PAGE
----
By Zeba Siddiqui
SAN FRANCISCO (Reuters) — Hackers who breached casino giants MGM Resorts (NYSE:MGM) International and Caesars (NASDAQ:CZR) Entertainment in recent weeks also broke into the systems of three other companies in the manufacturing, retail, and technology space, a security executive familiar with the matter said.
David Bradbury, chief security officer of the identity management company Okta (NASDAQ:OKTA), said five of the company's clients, including MGM and Caesars, had fallen victim to hacking groups known as ALPHV and Scattered Spider since August.
In an interview with Reuters, Bradbury didn't name the other companies, but said Okta was cooperating with official investigations into the breaches.
The hacks have cast fresh spotlight on ransomware attacks — cyber intrusions that affect hundreds of companies every year, from healthcare providers to telecom firms. MGM and Caesars lost market value last week as stock prices fell, and MGM is yet to recover from various operations disrupted at the hotels and gaming venues it owns from Las Vegas to Macau.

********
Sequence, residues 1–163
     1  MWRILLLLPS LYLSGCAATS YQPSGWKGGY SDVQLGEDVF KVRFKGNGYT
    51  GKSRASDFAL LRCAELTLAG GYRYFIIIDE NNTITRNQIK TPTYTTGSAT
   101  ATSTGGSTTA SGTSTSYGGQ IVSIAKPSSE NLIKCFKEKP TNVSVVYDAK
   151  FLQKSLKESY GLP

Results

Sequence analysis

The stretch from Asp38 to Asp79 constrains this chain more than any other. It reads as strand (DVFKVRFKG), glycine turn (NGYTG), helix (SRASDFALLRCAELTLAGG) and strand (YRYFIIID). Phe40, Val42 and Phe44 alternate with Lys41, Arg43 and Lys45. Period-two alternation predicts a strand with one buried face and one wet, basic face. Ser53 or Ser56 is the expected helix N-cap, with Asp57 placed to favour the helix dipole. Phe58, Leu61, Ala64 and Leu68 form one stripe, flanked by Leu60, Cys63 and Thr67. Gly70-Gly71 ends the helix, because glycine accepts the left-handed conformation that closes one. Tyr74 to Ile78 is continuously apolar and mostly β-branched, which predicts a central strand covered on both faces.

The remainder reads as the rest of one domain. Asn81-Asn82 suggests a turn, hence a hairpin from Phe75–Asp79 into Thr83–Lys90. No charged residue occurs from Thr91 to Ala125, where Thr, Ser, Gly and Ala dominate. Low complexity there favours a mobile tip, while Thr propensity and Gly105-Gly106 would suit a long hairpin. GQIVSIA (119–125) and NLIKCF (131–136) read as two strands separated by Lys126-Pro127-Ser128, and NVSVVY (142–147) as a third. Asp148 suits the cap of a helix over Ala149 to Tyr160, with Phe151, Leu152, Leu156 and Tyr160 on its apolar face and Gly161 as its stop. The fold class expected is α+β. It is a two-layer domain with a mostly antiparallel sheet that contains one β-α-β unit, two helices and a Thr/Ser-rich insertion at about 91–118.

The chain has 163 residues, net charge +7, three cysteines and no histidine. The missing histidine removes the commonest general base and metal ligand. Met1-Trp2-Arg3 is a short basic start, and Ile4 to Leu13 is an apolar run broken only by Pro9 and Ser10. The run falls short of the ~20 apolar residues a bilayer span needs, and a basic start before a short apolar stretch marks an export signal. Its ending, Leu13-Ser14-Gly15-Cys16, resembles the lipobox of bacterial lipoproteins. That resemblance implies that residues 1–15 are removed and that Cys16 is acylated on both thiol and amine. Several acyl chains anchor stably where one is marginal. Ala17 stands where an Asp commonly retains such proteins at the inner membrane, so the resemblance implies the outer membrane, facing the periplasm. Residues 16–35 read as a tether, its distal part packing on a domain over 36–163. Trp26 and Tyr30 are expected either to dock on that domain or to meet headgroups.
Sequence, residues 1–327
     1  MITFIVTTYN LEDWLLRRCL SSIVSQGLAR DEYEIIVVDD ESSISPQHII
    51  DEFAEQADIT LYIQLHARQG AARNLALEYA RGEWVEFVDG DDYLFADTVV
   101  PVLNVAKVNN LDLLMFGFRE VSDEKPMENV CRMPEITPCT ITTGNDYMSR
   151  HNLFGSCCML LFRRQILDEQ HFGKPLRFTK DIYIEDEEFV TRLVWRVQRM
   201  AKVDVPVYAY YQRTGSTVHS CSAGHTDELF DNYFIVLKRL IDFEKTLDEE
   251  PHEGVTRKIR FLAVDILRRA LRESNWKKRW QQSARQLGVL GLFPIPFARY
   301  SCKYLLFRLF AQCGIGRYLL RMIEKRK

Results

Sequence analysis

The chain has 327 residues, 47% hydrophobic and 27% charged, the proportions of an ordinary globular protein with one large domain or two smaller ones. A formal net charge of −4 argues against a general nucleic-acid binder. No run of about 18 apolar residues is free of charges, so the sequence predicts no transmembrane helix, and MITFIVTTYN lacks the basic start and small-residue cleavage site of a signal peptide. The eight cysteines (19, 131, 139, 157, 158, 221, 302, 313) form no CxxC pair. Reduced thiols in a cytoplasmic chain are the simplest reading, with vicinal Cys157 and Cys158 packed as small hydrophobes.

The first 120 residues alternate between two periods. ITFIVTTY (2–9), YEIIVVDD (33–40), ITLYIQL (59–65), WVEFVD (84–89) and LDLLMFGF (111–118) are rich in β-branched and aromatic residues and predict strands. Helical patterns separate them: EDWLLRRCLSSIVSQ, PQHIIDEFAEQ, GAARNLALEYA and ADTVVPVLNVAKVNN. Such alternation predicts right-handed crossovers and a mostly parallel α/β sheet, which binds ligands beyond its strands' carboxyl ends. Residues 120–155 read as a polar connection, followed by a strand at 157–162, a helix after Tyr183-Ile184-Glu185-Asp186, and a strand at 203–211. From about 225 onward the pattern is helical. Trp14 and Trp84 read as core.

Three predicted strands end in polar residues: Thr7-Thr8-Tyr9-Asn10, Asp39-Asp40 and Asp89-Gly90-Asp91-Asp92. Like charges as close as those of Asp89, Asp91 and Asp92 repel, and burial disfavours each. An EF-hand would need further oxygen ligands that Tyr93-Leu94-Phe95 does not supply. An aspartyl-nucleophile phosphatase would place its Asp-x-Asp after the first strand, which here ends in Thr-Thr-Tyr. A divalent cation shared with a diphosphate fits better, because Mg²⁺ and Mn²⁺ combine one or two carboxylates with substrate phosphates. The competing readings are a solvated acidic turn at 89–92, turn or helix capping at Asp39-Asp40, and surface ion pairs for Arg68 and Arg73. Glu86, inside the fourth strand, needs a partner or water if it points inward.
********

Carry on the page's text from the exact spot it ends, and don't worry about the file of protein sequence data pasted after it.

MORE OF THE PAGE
San Francisco-based Okta, which says it has more than 17,000 customers around the world, provides identity services such as multi-factor authentication used to help users securely access online applications and websites. Multiple breaches it identified at its customers last month prompted the company to issue an alert then, Bradbury said.
«We saw this happened in such a small period of time and we thought we should be coming forward to the industry at large and explaining what's happening here,» he said.
At the time, Okta said its U.S. customers were reporting a consistent pattern of attacks where hackers impersonated a victim firm's employees and convincedRead more on investing.com